Category Archives: Enhancing Safety for Pedestrians



“Pedestrian scramble” is a completely inelegant term for temporarily stopping driver traffic in all directions. Pedestrians are then allowed to cross in four directions in intersectional crosswalks as well as diagonally, for a total of six directions instead of the two directions pedestrians at intersections are so very used to.

The actual name “scramble” sounds like chaos, and it has been called a pedestrian crisscross or diagonal intersection in other places. But that “scramble” name suggests that even when we talk about equity for street users, when it happens for pedestrians they had better move quickly. Despite the name, research at Transport for London has suggested the installation of a diagonal crossing can reduce pedestrian casualties by 38 percent.

The photo above is from Seoul Korea where the scramble intersections have been installed in busy business areas. I am familiar with the scramble intersections in Seoul and they work well. The one requirement though is that there must be large sidewalks and well built walking infrastructure to handle the increased capacity of people that will be using these crosswalks in all six directions.

Some traffic engineers perceive the pedestrian scramble as inefficient as it stops driver traffic in all directions. But that’s a good thing, in that it allows drivers to make left or right turns through the crossing without being blocked by walkers. In Vancouver most pedestrians are hit in intersections during those left and right turn driver vehicle movements.

Vancouver actually was one of the first cities in the world to have pedestrian scamble intersections in the 1950’s. At that time they were called “diagonal” intersections and were placed at Georgia and Granville Streets, Hastings and Granville and Pender and Beatty Streets in 1953. There was also a pedestrian scramble installed in 1965 at the “T” intersection of Columbia and Church Streets in New Westminster.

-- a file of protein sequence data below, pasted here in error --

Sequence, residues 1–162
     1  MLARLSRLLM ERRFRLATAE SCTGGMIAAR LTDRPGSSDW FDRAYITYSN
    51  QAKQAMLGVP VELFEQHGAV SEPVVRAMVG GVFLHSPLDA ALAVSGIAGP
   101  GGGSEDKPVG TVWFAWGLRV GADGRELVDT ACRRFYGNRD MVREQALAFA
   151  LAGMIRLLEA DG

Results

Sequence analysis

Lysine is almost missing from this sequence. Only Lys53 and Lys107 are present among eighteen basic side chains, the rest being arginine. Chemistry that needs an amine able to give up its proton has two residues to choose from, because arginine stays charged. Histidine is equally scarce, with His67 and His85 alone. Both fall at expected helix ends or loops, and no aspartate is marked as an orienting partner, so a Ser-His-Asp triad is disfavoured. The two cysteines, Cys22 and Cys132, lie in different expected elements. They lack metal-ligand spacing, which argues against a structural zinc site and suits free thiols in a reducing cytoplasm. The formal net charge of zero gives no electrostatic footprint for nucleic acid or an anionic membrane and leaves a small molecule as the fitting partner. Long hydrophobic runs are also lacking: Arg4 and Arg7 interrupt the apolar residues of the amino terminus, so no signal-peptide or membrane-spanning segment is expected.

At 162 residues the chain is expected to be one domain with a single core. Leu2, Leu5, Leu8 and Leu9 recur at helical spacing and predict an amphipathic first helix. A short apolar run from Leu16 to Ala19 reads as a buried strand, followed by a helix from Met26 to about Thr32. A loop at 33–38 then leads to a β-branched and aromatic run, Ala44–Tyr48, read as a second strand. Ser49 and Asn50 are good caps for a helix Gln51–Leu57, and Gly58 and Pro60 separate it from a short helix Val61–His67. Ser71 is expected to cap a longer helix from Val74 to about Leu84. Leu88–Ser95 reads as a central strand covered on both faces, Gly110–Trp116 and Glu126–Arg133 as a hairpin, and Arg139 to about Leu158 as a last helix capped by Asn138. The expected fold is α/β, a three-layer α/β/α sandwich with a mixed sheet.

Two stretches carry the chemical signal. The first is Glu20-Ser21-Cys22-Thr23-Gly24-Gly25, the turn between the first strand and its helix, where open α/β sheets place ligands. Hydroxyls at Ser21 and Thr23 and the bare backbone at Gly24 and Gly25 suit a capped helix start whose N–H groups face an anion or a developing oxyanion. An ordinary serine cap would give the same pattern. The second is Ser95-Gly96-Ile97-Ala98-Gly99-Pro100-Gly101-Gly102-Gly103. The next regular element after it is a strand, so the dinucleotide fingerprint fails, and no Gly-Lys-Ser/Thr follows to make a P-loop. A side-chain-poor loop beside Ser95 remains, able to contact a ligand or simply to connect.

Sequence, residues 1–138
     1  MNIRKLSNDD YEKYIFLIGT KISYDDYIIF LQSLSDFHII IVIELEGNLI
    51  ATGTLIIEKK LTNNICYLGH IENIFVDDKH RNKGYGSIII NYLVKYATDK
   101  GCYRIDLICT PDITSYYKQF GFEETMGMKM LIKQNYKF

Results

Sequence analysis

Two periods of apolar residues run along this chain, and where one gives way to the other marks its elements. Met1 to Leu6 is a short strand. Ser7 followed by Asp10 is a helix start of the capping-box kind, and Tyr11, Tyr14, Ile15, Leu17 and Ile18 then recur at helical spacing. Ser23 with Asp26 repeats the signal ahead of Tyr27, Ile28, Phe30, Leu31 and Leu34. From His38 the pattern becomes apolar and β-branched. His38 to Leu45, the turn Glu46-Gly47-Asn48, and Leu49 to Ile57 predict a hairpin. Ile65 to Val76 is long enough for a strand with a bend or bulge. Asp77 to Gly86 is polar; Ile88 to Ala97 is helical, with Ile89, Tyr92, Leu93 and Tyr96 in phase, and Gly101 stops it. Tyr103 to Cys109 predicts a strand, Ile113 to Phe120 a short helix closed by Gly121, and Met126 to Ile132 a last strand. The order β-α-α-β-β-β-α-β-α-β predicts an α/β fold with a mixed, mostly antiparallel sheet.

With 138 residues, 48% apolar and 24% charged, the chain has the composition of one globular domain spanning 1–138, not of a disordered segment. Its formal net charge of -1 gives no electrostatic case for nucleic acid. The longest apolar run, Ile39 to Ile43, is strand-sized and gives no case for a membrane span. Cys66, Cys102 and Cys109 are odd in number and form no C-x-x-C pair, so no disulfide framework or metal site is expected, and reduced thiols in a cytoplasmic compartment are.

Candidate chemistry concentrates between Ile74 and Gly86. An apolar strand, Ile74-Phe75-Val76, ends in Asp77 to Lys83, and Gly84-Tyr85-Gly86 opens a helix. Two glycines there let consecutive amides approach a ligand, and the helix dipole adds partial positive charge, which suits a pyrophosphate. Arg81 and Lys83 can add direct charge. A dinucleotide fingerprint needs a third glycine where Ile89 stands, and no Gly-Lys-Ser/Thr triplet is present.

There is a great story in the Vancouver Sun from December 2nd 1953 when Vancouver Traffic Superintendent Gordon Ambrose decided to treat pedestrians like car drivers at these intersections. In one day with twenty “point men” in a “flying squad” 107 tickets were issued to walkers. These were all court summons for walking not according to the “walk” signal, or on a “wait signal” or getting caught crossing the diagonal intersections when the signal for walking changed. 

The use of a pedestrian scramble in high pedestrian traffic areas was mentioned in the 2012 2040 Transportation Report prepared by the City of Vancouver, but turfed because of concerns of crossing for sight impaired individuals.

The very capable Paul Storer who is Vancouver’s Director of Transportation has written a Council report based upon a request from an ABC Councillor to create a pedestrian scramble. Mr. Storer reviewed four high pedestrian traffic intersections in the downtown area and narrowed down the candidates to the Granville and Robson Street intersections. There are some concerns with transit delays, and you can read the analysis in the report.